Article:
No easy answers for the housing market as supply crunch looms
Ireland's housing market has long been a game of snakes and ladders. Those who purchased homes during the Celtic Tiger era have been the losers in this perennial game of boom to bust, stuck in negative equity, or with mortgage payments they cannot afford.
Too often, simple, seductive measures have been promoted that offer the Government the illusion of action, but without any real prospect of solving the problems in the housing market.
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There has been no shortage of bad ideas: mortgage interest relief, Section 23 tax allowances, and 100pc loan-to-value mortgages.
At best, these initiatives can be described as a naive attempt to make housing more affordable, bridging the gap between incomes and the current level of property prices.
However, history has taught us any initiative that gives home buyers or builders more money will always be inflationary, with little long-lasting impact on housing supply.
So it was disappointing to see Taoiseach Leo Varadkar, speaking at the MacGill Summer School in Glenties, adding to the chorus of voices criticising the Central Bank's lending rules. According to reports, he said "one aspect of the mortgage rules that is very tough is the fact that you are expected to show you are saving at the same time that you are renting".
I can't imagine how any well-run banking system can give out mortgages to those with no history of saving.
One popular anecdote in recent years was that 15-20 workers from one of the well-known tech firms in Dublin's 'silicon docks' found themselves viewing a house for sale close to their office.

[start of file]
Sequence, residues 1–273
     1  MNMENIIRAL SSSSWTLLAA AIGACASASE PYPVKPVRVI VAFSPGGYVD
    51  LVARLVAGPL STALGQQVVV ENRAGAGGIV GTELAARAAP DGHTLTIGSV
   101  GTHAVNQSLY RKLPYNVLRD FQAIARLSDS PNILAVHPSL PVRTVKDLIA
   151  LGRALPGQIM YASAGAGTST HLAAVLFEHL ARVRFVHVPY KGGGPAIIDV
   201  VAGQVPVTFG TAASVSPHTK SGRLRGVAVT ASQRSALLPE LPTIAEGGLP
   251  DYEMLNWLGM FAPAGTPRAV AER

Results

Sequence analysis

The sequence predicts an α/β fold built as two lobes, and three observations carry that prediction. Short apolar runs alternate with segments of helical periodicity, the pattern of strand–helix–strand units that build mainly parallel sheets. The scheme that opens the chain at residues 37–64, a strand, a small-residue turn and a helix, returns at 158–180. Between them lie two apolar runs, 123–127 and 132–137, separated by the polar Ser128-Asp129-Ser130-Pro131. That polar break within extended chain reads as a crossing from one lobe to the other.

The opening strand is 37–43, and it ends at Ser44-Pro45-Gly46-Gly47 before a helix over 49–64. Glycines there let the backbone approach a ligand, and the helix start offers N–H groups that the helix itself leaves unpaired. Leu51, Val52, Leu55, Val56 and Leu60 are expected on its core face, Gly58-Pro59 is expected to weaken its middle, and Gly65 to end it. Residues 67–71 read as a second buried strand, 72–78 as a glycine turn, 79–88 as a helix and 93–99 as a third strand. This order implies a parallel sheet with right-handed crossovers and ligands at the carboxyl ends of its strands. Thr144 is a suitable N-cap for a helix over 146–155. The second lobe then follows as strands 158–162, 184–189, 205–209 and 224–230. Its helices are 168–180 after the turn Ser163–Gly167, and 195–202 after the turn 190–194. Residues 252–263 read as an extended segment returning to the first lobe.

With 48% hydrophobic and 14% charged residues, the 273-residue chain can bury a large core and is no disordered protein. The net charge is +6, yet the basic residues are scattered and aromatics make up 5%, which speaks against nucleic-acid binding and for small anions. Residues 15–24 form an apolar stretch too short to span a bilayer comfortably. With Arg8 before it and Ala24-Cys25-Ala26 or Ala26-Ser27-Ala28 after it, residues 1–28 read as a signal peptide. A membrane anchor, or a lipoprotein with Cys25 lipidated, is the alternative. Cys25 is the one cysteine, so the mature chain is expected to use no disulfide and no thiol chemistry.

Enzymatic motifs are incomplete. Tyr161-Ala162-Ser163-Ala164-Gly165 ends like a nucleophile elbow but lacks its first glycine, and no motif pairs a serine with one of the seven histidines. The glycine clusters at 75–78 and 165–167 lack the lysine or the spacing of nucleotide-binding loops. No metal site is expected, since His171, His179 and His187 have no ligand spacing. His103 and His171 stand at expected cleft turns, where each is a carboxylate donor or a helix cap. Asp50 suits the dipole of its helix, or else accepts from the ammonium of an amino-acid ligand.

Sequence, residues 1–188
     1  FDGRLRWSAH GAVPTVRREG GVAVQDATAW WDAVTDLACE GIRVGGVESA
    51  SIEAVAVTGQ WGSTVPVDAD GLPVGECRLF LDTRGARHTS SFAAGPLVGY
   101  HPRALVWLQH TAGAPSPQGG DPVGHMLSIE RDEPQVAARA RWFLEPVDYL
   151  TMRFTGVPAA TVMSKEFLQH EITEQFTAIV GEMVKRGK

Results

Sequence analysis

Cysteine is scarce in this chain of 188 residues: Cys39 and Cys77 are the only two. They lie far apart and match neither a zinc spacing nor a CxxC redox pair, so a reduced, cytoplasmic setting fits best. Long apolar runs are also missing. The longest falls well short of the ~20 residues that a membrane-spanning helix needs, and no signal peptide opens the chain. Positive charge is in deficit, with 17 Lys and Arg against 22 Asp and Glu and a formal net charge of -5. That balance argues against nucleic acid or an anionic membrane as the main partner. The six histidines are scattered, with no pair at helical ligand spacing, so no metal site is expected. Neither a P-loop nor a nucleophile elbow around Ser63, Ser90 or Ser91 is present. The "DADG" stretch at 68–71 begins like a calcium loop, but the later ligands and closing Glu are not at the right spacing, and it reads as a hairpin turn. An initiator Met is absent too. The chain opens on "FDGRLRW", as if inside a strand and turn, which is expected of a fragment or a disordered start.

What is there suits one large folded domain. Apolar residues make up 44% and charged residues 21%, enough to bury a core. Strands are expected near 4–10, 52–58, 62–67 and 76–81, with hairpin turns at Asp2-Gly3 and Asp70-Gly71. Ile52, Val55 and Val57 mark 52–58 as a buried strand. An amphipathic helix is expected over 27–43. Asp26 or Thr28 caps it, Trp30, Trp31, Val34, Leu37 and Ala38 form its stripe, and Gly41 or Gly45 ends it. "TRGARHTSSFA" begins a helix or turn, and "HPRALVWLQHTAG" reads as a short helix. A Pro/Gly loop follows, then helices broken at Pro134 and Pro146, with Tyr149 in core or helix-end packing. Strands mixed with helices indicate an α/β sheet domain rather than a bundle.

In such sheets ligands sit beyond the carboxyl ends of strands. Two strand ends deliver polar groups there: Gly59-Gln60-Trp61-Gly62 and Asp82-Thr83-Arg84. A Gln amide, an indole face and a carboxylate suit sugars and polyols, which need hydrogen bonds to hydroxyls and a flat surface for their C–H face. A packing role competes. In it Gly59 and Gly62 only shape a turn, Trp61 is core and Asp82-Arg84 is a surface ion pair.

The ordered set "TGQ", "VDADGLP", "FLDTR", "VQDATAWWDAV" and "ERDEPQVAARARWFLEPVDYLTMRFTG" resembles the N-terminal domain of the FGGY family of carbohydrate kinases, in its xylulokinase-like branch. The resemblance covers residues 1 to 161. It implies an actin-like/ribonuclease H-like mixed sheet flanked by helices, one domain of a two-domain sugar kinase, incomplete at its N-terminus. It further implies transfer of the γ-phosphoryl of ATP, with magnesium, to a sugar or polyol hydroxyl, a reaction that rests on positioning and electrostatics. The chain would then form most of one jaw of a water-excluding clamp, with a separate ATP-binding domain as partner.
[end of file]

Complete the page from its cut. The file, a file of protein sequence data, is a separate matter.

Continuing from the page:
I can well imagine them angrily gesturing across the river at the Central Bank, muttering that were it not for the nasty lending rules, they could all buy the same house.
Too many people still fall victim to the contradiction in this argument. The common critique of the lending rules is that the 3.5x loan-to-income threshold stops would-be buyers from affording a home.
I have sympathy with those who find themselves outbid by €10,000 or €20,000 for a property, but they need to remember if the rules were relaxed, their competitors in the queue would also be able to borrow more, merely pushing prices higher.
Rent controls are not the answer
Thankfully, coming so soon after the last crash, there is broad acceptance the mortgage lending rules are a good thing and should be a permanent feature. A more constructive debate is now emerging on reducing build costs, either through relaxing overly zealous building standards (particularly on apartments), or via smaller homes that buyers can afford.
However, the public is still susceptible to other easy answers to fix the housing crisis.
Earlier this month, the Residential Tenancies Board (RTB) drew attention to the fact rental inflation had slowed to 6.4pc in 'rent pressure zones', as evidence the measures are working, despite this rate of increase being considerably faster than the 4pc limit the zones were intended to impose. The RTB's latest data shows rent price inflation in Dublin accelerated to 8.5pc in March, double the 4pc limit.
Clearly, landlords are circumventing rent controls by taking advantage of the exemption for renovated properties, or by simply ignoring the 4pc limit. The response from the RTB has been to tighten up on qualifying renovations and on powers of enforcement.
It's even possible the RTB might be successful in preventing some landlords circumventing the rules and upping rents, but it won't cure the underlying problem. Earlier this month, the RTB revealed the number of houses rented out to tenants fell by almost 2pc, or by just under 6,000, to 307,348, in 2018. Faced with rent controls, small landlords have decided to exit the market, reducing the supply of accommodation.